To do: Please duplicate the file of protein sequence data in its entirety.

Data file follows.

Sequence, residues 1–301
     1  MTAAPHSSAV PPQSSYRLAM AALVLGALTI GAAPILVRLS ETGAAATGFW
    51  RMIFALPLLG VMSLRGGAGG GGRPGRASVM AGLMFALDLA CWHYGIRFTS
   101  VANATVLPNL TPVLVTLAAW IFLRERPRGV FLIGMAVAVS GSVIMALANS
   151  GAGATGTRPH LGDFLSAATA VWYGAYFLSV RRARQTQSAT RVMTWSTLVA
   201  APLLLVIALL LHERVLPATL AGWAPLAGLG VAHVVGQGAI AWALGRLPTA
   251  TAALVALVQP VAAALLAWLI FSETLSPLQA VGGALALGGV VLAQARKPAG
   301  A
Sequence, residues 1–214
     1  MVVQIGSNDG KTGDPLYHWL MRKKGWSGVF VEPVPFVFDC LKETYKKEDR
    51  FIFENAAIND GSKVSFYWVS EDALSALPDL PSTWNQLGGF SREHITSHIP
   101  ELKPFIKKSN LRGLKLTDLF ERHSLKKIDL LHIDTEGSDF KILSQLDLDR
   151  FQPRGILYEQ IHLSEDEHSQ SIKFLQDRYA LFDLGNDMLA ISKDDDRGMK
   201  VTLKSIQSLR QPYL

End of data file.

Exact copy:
Sequence, residues 1–301
     1  MTAAPHSSAV PPQSSYRLAM AALVLGALTI GAAPILVRLS ETGAAATGFW
    51  RMIFALPLLG VMSLRGGAGG GGRPGRASVM AGLMFALDLA CWHYGIRFTS
   101  VANATVLPNL TPVLVTLAAW IFLRERPRGV FLIGMAVAVS GSVIMALANS
   151  GAGATGTRPH LGDFLSAATA VWYGAYFLSV RRARQTQSAT RVMTWSTLVA
   201  APLLLVIALL LHERVLPATL AGWAPLAGLG VAHVVGQGAI AWALGRLPTA
   251  TAALVALVQP VAAALLAWLI FSETLSPLQA VGGALALGGV VLAQARKPAG
   301  A
Sequence, residues 1–214
     1  MVVQIGSNDG KTGDPLYHWL MRKKGWSGVF VEPVPFVFDC LKETYKKEDR
    51  FIFENAAIND GSKVSFYWVS EDALSALPDL PSTWNQLGGF SREHITSHIP
   101  ELKPFIKKSN LRGLKLTDLF ERHSLKKIDL LHIDTEGSDF KILSQLDLDR
   151  FQPRGILYEQ IHLSEDEHSQ SIKFLQDRYA LFDLGNDMLA ISKDDDRGMK
   201  VTLKSIQSLR QPYL